10.24.10

The Douchebag

Posted in Made in China, Stumble and Fail at 9:07 am by George Smith

Tom Friedman, today, filling the job he does so well. Being a public enemy, telling everyone else to eat their peas, consulting with his fancy and fine pals on what the unlucky proles are going to have to morph into so as not to always be in the poor house.

You’ll have to be an “artisan.” In other words, the concept I’ve relentlessly dumped on over the last few months.

If you can’t write iGadget apps, you’ll can be a bedpan technician who gives value added, or be a maker of $180 dollar harmonicas for rich lawyers.

Or work in the Fender Musical Instruments custom shop, making $25,000 Eddie Van Halen relics.

Friedman:

Fifteen years ago, there were no industries around Google “search” or “iPhone applications.” Today, both are a source of good jobs. More will be invented next year. There is no fixed number of jobs. We just have to make sure there is no fixed number of Americans to fill them — aided by good U.S. infrastructure and smart government incentives to attract these new industries to our shores.

But not everyone can write iPhone apps. What about your nurse, barber or waiter? Here I think Lawrence Katz, the Harvard University labor economist, has it right. Everyone today, he says, needs to think of himself as an “artisan” — the term used before mass manufacturing to apply to people who made things or provided services with a distinctive touch in which they took personal pride. Everyone today has to be an artisan and bring something extra to their jobs.

Yes, it’s pretty obvious not everyone can write Harmonica or be enough of a programmer to spend their spare time putting stubbornly antagonizing thirty second videos of their iPhones to their lips on YouTube.

You must bring something “extra” to your work of cleaning toilets, of delivering pizza, of greeting everyone as a potential shoplifter at the door of the big box stores, of being a whore.

Yes, even the days of doing a simple blow and go are over! That’s so average.

When you get a part-time job at the giant consumer electronics store selling everything made in China, you will have to have a deep knowledge of the crap you’re peddling to earn that barely about minimum wage.

Only the application or rocket scientist expertise and exquisite public relations with the customer in all things will get us where we need to be.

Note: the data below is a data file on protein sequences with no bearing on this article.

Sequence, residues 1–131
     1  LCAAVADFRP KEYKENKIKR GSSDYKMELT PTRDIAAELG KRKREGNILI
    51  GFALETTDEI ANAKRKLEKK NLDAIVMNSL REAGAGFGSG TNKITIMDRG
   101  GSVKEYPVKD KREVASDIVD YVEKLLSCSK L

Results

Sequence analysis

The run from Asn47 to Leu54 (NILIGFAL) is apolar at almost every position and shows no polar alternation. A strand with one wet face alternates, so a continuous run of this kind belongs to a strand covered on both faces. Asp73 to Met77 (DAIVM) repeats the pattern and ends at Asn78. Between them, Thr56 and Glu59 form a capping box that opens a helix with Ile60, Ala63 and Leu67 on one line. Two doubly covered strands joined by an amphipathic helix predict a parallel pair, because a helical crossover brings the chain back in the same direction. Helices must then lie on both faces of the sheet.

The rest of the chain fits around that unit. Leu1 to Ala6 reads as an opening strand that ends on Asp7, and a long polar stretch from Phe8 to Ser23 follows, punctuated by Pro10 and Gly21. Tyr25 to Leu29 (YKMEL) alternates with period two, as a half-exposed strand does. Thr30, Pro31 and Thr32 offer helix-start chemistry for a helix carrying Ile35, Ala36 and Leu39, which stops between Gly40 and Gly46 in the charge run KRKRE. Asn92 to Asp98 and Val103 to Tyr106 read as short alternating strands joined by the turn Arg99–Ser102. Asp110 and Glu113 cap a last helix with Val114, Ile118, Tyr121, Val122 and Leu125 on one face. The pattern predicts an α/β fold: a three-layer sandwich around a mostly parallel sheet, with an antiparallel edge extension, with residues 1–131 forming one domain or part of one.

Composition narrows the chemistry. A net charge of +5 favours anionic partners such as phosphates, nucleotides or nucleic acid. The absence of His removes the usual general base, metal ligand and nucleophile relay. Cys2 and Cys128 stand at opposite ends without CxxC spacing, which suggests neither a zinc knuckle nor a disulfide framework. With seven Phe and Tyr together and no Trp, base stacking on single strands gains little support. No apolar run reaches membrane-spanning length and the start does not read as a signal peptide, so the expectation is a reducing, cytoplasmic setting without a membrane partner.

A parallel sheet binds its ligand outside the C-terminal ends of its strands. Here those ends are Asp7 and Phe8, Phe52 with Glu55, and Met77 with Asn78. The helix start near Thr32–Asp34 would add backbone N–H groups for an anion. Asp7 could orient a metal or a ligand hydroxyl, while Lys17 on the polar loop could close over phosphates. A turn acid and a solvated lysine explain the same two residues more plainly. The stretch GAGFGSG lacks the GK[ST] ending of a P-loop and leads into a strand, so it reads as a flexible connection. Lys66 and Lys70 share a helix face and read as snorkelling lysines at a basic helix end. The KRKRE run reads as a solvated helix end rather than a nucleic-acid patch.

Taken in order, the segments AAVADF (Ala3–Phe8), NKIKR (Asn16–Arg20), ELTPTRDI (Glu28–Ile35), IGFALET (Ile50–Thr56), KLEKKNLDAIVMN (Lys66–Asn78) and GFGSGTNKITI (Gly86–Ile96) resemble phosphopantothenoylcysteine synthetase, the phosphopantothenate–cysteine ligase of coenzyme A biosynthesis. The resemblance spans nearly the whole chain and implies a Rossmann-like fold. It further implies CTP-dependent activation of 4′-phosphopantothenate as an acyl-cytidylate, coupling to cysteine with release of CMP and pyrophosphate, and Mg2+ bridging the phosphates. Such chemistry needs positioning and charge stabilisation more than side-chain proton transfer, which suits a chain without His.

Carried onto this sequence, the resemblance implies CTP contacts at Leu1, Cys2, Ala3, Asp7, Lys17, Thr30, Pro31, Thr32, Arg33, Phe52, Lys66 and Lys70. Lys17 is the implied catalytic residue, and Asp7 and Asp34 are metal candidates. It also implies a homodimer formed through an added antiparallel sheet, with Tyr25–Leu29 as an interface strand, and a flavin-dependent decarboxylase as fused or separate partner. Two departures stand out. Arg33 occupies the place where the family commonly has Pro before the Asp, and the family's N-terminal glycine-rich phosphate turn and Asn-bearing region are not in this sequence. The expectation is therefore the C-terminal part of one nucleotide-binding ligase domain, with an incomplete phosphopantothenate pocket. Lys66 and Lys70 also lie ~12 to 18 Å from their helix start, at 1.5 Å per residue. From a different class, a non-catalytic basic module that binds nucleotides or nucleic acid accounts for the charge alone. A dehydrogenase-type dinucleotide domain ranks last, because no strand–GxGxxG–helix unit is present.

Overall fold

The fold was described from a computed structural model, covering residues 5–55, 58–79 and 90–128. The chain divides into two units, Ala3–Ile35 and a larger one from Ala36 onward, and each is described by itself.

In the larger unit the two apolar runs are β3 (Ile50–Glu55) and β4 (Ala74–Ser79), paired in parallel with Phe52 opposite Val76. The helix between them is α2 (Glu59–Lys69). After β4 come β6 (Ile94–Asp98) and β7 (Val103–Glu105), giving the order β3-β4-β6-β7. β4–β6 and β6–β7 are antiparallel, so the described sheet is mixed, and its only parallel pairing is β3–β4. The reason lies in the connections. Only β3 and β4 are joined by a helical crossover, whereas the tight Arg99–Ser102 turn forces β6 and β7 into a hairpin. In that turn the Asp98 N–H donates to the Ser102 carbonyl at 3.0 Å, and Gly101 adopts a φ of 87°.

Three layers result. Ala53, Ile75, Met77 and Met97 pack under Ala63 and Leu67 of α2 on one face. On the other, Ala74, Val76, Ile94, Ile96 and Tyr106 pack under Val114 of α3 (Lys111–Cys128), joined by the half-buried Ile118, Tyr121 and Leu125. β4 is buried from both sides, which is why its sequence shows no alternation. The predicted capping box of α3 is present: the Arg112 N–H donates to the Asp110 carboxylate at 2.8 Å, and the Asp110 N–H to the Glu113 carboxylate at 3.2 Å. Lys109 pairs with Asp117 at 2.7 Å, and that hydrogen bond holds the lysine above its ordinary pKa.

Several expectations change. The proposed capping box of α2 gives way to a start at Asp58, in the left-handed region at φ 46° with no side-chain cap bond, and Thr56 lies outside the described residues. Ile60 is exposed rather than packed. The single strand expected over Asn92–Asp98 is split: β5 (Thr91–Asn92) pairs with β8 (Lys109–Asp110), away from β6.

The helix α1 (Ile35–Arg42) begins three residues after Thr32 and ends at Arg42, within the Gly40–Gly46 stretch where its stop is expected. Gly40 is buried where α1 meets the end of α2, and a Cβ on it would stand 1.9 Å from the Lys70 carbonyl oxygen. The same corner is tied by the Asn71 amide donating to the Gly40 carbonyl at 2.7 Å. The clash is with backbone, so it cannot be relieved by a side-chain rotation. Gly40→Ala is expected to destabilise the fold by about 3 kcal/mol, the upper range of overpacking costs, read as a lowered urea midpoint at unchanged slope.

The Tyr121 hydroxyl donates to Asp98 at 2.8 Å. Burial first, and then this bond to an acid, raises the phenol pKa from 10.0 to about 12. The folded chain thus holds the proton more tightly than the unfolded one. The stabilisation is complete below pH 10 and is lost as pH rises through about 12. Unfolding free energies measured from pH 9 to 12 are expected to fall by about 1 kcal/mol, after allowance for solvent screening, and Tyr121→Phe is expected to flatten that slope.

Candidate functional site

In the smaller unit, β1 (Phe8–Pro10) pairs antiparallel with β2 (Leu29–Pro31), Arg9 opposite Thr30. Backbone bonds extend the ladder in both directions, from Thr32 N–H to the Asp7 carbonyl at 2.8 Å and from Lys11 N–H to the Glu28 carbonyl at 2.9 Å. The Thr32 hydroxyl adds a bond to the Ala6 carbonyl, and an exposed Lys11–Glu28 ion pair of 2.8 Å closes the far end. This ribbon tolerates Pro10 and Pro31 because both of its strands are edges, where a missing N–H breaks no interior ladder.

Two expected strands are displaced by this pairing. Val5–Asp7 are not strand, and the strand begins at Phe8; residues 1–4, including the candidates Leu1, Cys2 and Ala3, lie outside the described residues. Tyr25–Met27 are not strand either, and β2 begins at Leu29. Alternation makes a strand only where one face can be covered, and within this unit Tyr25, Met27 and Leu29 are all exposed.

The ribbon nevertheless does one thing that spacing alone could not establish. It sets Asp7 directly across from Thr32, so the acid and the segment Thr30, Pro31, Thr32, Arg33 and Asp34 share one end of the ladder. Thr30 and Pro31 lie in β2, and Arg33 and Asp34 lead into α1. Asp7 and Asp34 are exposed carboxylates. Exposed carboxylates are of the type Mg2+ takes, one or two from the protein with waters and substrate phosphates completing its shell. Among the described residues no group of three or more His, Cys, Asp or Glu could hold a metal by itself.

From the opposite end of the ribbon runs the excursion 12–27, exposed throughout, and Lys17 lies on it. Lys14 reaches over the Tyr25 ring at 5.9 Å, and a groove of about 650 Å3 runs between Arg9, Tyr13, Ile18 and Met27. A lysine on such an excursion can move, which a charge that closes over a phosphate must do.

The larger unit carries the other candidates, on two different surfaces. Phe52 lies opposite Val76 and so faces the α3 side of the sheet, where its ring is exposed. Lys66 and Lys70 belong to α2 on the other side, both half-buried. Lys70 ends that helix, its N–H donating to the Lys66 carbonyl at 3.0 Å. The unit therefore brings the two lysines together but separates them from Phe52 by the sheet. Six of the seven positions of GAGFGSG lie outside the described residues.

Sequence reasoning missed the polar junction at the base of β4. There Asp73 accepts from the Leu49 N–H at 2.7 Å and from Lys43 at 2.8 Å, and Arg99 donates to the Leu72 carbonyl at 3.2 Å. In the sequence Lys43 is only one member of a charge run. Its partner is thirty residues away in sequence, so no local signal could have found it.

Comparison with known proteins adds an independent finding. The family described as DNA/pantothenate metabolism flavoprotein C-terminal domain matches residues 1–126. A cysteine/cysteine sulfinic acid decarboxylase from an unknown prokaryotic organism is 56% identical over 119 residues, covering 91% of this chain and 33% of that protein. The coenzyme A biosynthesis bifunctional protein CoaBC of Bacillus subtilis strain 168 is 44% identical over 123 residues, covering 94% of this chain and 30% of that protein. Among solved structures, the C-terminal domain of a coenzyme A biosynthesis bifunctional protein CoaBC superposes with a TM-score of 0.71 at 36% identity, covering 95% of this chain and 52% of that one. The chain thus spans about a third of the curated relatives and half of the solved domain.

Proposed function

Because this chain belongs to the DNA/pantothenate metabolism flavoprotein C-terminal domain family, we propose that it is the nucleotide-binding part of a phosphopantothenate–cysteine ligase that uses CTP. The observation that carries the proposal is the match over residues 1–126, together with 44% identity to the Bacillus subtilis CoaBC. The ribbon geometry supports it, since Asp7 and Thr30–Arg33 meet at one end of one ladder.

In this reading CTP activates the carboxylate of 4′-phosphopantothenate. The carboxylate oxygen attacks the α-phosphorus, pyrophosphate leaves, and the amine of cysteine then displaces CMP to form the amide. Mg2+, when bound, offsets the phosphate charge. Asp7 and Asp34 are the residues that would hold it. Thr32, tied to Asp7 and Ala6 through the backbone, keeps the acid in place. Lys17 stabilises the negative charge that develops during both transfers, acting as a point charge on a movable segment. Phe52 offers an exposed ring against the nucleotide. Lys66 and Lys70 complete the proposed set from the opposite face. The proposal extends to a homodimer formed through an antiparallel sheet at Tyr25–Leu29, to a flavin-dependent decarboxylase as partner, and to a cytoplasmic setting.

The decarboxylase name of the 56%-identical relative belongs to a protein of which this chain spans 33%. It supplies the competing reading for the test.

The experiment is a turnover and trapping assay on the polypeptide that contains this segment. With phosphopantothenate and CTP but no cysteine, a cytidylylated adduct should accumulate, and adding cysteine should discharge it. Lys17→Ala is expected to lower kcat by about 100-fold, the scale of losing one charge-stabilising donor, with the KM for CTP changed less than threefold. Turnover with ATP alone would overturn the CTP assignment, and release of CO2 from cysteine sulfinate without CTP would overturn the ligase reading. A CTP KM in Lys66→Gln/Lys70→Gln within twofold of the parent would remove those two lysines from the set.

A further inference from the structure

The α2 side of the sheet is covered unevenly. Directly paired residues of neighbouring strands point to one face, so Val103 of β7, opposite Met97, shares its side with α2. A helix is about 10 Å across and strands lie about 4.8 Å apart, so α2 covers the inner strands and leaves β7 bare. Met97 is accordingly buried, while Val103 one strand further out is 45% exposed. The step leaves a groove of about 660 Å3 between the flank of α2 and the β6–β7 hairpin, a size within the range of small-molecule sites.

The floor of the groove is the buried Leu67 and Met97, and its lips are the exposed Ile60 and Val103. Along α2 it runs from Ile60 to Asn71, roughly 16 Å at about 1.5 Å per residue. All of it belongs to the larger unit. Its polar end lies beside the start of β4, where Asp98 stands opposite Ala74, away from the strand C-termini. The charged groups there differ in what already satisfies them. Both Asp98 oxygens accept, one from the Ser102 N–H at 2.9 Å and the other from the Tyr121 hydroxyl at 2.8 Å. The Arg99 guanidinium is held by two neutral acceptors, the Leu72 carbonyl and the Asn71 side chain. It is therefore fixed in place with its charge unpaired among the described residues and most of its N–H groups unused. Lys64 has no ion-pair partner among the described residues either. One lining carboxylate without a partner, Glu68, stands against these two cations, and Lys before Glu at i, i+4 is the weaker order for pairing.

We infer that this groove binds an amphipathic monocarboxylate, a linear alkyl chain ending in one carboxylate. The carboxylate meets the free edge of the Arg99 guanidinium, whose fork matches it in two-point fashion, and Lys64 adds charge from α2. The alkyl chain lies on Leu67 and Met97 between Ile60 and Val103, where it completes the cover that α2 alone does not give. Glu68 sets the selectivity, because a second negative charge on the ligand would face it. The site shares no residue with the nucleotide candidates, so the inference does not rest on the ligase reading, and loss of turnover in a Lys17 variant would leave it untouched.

Friedman instructs, employing the wisdom of some Harvard vizier:

For instance, says Katz, the baby boomers are aging, which will spawn many health care jobs. Those jobs can be done in a low-skilled way by cheap foreign workers and less-educated Americans or they can be done by skilled labor that is trained to give the elderly a better physical and psychological quality of life. The first will earn McWages. The second will be in high demand. The same is true for the salesperson who combines passion with a deep knowledge of fashion trends, the photo-store clerk who can teach you new tricks with your digital camera while the machine prints your film, and the pharmacist who doesn’t just sell pills but learns to relate to customer health needs in more compassionate and informative ways. They will all do fine.

But just doing your job in an average way — in this integrated and automated global economy — will lead to below-average wages. Sadly, average is over. We’re in the age of “extra,” and everyone has to figure out what extra they can add to their work to justify being paid more than a computer, a Chinese worker or a day laborer.

Think of all the people you pass on the sidewalk. Or those you jostle with in line at the supermarket.

Boy, that’s a crowd where everyone can easily figure out how to be “extra,” how to earn more than a computer or a Chinese factory worker.

All the young men in droopy shorts, the middle-aged guys with stomachs hanging over their belts, etc. Yeah, that’s doable.

In related news, a reader comment from Friday begs republishing:

DD, let’s help fund your fine blog and future tomes by releasing a China Toilet Blooz ringtone, made right here in the USA with homegrown talent for use on crap China phones.

That is a fine idea. I mean it, too!

The trick is getting it sold by iJobsland.

So lead me in the right direction.

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